Review by Laura Baranik
Albio is in many ways an atypical Prague restaurant: its food is largely organic, it serves up tempeh and tofu instead of meat, and it is entirely non-smoking. It´s a welcome addition, then, to the usual roster of smoky and often greasy local dining establishments.
It is no less unusual in its choice of décor. The seats near the windows consist of immobile swings suspended from the ceiling by thick ropes, and the place is dotted with odd little bits of artwork that add to the vaguely nature-oriented theme. Two children´s play areas provide space for the youngest diners to entertain themselves.
Despite this creative approach to the restaurant´s interior, however, Albio is distinctly lacking in atmosphere. A design that was evidently meant to evoke a playful and cozy mood instead comes off as rather cold and a little bit disjointed. Perhaps it has something to do with the kitchen-like tiles on the floor and the general over-use of pinewood, or the uninspiring Top 40 hits on the radio, but I found the ambience to be more depressing than comforting.
Not so with the menu, at least upon first glance. I was pleased to see that each of the dishes´ ingredients was listed in detail and that many of them did indeed seem to be organic. Vegan and gluten-free dishes are clearly marked for those on special diets, and the restaurant is almost entirely vegetarian, aside from a small fish selection – and the curious inclusion of organic ham in one of the pasta dishes.
Heartened by the menu´s potential, I started with the creamy carrot soup with tahini. The thick carrot puree sprinkled with black sesame seeds was beautifully presented and, once I added some salt and pepper, quite flavorful. My companion´s small salad with grilled goat cheese, on the other hand, was a sad disappointment. The cheese itself was excellent – crumbly and with a distinctive sharp flavor. But its accompaniment of plain iceberg lettuce sprinkled with dry walnuts and a rather greasy baguette was entirely unimaginative; cranberries or some lively vegetables were needed to do the goat cheese justice. The fried spicy rice tofu balls with mustard dip were more flavorful and pleasantly crisp, if a bit on the oily side.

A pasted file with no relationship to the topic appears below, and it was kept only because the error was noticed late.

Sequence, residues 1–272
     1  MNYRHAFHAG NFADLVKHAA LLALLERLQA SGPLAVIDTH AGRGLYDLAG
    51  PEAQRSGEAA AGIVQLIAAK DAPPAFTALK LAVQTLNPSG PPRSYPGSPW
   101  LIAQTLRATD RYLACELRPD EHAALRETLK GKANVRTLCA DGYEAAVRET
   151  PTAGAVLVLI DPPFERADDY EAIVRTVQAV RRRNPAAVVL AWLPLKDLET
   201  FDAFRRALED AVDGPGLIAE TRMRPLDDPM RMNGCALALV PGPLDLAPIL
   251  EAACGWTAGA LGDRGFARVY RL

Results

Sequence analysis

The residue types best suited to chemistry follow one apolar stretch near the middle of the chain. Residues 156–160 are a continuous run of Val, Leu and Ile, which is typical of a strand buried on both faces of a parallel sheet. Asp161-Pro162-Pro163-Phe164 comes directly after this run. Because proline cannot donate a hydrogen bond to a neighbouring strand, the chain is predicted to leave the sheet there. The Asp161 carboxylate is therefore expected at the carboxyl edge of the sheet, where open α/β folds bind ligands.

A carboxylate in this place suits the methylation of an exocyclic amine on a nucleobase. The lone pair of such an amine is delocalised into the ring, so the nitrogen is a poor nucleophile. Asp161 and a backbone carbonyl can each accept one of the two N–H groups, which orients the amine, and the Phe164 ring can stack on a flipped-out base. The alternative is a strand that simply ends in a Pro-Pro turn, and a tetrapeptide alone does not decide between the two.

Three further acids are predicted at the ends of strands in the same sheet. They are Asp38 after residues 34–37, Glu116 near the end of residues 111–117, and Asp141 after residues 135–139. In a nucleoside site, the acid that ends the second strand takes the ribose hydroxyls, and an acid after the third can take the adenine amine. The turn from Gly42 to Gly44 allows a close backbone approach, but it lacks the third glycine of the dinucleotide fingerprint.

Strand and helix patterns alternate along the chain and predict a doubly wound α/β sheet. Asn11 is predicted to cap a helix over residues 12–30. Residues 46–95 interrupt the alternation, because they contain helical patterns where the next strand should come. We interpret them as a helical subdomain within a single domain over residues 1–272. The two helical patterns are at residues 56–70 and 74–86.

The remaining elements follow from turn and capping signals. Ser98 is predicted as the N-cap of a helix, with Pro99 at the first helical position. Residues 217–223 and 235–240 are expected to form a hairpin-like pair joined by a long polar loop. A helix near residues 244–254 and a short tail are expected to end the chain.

Iceberg reared its tasteless head again during our main course: my baked sin carne chili beans in spelt bread had been inexplicably set on a gigantic pillow of dry lettuce. The chili itself managed to match the iceberg in terms of dullness. Its beans were unsalted and undercooked, leaving little to dispel the blandness other than the occasional kernel of corn in the chili. My friend´s baked Alaskan codfish with tomato and garlic sauce fared much better, with a stew of red peppers and tomatoes nicely balancing the tender cod.
Our dessert of spelt-buckwheat pancakes with blueberry jam, vanilla sauce and fruit almost made us forget the monotony of some of our previous courses. This time, even the presentation was exciting, with the pancakes arriving dotted with orange slices, pears, and purple flowers. The blueberry jam – which actually turned out to be more of a compote – harmonized perfectly with the pancake´s grainy texture, though the lemony, chemical-like flavor of the vanilla sauce kept the dish from achieving perfection.
Albio may be an uncommon addition to the Prague dining scene, but when it makes culinary choices that are simply ordinary, it falls short of its diners´ expectations. Using the least nutritious lettuce as the standard salad ingredient in a health-oriented restaurant seems clumsy, particularly when in today´s local restaurants one can easily find arugula and radicchio salads for less money. Only when Albio decides to boost its standards will it live up to the promises of its menu.